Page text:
Walking to innovation
I have a friend who leads a law practice. When he planned new offices, he eliminated conference rooms. Instead he has a broad path around the perimeter of his offices. He has walking meetings.
The concept is an unusual one, but perhaps an enlightened one. In a review of Matthew Algeo’s Pedestrianism: When Watching People Walk Was America’s Favorite Spectator Sport, Adam Gopnick says, "For several decades in the later nineteenth century, the favorite spectator sport in America was watching people walk in circles inside big buildings."
Over the past two weeks there have been two interesting articles presenting research that affirms that walking is the path to creative thought.
Ferris Jabr, writing in the New Yorker on "Why Walking Helps Us Think," says –
Because we don’t have to devote much conscious effort to the act of walking, our attention is free to wander—to overlay the world before us with a parade of images from the mind’s theatre. This is precisely the kind of mental state that studies have linked to innovative ideas and strokes of insight.
I like the observation that Gopnick makes, and then quotes, in his review –
It is the Western equivalent of what Asians accomplish by sitting. Walking is the Western form of meditation: “You’re doing nothing when you walk, nothing but walking. But having nothing to do but walk makes it possible to recover the pure sensation of being, to rediscover the simple joy of existing, the joy that permeates the whole of childhood.”
I am envious of the urban dweller who seems to have much more to observe and inspire. Gopnick make observations that are unique to New York City –
You could walk anywhere. Saturday all day, Sunday all day, I’d tramp through the lower-Manhattan neighborhoods. The differences, architectural and social, among Tribeca and SoHo and the East Village, to name only contiguous areas, were distinct and vivid and nameable then: cast-iron buildings shading off into old egg- and paper-carton factories sweetly interrupted by small triangular parks, and edging over, as you walked east, into poor-law tenements that were just being reclaimed by painters. I would set off on a Saturday morning and walk all day, and achieve Kazin’s feeling of vague excitement, of unearned release, in a way that I have never felt before or since. SoHo in the eighties was the finest place for walking, not only architecturally beautiful but, by accident, still beautifully composed: illuminated sidewalks, glass orbs studding the iron paving to bring light to the basements below, still actually functioned, while the pioneering businesses were as chic and widely spaced as rocks in a Japanese garden—a single one-room restaurant with a cursive menu outside, a block of old businesses, a single charcuterie, a single deli for the whole neighborhood. At twilight, you walked, so to speak, from campfire to campfire, with inviting darkness in between.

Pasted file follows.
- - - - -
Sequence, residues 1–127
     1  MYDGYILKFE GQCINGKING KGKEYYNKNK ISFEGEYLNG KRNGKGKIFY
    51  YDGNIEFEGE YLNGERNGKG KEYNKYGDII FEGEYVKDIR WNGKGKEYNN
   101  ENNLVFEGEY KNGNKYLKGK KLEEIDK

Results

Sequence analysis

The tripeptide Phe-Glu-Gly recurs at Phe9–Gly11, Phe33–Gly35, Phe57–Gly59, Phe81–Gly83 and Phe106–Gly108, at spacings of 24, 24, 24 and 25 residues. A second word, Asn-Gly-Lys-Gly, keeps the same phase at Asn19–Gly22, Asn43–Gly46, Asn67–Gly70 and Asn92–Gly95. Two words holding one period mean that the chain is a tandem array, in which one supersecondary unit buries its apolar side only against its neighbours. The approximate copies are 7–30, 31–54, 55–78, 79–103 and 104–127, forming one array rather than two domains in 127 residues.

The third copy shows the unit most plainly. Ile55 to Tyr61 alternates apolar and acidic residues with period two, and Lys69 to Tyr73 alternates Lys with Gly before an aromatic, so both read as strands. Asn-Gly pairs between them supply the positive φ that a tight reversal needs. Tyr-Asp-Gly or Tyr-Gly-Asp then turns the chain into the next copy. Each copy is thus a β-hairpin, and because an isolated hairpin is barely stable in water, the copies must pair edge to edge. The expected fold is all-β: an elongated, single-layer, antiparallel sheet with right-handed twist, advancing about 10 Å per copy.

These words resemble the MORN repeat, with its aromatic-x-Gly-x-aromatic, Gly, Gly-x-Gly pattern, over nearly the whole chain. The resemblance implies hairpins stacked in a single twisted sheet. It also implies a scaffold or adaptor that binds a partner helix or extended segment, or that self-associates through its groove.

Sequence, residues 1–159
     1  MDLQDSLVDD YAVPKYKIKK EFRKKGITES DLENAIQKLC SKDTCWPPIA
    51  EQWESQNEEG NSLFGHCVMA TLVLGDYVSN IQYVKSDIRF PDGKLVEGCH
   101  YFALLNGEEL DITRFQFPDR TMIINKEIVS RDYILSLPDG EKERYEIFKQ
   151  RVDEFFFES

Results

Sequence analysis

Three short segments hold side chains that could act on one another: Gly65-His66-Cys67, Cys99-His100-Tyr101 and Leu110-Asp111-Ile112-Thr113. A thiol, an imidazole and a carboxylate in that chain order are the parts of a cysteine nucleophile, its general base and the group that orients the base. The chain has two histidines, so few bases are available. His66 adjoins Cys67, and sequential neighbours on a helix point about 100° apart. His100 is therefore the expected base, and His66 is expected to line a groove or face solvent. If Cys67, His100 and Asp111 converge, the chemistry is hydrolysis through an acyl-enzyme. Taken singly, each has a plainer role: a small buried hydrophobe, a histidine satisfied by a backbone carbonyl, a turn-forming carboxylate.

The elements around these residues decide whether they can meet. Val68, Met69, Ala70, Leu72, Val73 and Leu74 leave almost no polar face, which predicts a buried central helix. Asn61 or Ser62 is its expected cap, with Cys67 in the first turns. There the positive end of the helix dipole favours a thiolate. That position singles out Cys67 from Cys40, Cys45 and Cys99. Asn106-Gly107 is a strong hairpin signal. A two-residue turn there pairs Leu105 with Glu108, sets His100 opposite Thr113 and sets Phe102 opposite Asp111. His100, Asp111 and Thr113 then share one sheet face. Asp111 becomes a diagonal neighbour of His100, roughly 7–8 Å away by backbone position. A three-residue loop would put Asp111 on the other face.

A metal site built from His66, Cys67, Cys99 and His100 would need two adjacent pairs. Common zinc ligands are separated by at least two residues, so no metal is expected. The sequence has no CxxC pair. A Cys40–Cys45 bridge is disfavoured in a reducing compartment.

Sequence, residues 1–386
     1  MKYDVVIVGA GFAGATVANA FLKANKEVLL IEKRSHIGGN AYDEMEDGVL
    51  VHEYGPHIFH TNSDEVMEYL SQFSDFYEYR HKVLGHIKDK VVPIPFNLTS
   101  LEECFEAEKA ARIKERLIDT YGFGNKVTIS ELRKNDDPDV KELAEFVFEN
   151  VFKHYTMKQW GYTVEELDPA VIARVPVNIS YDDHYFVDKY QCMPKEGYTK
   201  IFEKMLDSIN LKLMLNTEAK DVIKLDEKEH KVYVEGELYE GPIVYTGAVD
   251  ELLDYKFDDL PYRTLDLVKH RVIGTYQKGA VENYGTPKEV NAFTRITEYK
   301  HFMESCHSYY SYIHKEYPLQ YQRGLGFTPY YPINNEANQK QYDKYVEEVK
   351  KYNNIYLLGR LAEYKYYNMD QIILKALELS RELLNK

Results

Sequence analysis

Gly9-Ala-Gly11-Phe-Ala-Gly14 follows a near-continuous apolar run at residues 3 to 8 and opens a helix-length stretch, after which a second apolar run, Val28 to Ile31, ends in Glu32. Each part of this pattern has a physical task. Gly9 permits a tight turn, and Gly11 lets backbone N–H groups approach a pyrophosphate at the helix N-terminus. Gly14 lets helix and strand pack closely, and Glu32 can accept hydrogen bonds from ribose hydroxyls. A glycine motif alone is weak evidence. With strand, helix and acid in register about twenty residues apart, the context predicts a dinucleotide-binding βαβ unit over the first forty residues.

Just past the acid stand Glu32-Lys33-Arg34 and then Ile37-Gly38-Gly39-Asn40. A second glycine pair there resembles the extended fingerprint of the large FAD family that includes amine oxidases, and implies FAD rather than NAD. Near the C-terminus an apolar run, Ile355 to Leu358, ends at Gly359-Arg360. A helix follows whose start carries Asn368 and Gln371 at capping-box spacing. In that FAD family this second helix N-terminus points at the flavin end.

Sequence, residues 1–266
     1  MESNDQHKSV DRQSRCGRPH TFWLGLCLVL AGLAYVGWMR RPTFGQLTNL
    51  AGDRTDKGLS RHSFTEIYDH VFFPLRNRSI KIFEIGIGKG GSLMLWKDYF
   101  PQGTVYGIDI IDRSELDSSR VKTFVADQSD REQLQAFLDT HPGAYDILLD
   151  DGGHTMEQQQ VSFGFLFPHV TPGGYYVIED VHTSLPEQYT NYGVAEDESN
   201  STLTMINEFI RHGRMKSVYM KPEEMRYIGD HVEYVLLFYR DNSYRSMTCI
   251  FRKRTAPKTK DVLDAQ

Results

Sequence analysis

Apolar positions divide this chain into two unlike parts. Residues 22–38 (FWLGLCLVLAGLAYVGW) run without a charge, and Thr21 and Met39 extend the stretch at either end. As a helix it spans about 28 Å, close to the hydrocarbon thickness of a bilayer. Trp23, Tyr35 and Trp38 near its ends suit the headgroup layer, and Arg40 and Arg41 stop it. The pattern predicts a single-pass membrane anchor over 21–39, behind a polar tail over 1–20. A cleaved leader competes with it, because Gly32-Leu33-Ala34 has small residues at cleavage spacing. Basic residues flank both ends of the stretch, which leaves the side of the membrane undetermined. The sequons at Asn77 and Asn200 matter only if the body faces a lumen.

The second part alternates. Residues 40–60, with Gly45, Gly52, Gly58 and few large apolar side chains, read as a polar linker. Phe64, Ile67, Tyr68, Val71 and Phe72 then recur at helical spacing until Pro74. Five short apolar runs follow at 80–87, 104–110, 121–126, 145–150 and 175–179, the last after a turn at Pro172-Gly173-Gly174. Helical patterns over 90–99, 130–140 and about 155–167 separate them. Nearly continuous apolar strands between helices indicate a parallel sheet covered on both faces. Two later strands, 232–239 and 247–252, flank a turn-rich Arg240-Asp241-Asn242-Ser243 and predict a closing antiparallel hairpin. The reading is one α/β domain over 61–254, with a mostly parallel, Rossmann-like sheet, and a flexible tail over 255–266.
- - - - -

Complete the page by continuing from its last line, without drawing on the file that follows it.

The impact, ultimately...
Perhaps the most profound relationship between walking, thinking, and writing reveals itself at the end of a stroll, back at the desk. There, it becomes apparent that writing and walking are extremely similar feats, equal parts physical and mental. When we choose a path through a city or forest, our brain must survey the surrounding environment, construct a mental map of the world, settle on a way forward, and translate that plan into a series of footsteps. Likewise, writing forces the brain to review its own landscape, plot a course through that mental terrain, and transcribe the resulting trail of thoughts by guiding the hands. Walking organizes the world around us; writing organizes our thoughts. Ultimately, maps like the one that Nabokov drew are recursive: they are maps of maps.